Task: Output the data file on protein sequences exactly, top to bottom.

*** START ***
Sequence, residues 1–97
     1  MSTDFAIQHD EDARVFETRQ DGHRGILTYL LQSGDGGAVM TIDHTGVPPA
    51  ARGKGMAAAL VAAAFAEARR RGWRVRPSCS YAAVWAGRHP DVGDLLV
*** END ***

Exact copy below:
Sequence, residues 1–97
     1  MSTDFAIQHD EDARVFETRQ DGHRGILTYL LQSGDGGAVM TIDHTGVPPA
    51  ARGKGMAAAL VAAAFAEARR RGWRVRPSCS YAAVWAGRHP DVGDLLV